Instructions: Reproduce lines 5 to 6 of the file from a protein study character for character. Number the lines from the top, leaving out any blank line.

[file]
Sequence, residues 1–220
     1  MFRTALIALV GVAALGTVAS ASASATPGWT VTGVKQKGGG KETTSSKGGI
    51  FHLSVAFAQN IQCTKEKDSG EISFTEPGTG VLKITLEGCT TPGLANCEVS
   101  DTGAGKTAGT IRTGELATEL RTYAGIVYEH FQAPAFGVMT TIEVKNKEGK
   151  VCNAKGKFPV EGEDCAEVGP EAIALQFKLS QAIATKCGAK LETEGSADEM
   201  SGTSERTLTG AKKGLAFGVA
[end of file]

   151  VCNAKGKFPV EGEDCAEVGP EAIALQFKLS QAIATKCGAK LETEGSADEM
   201  SGTSERTLTG AKKGLAFGVA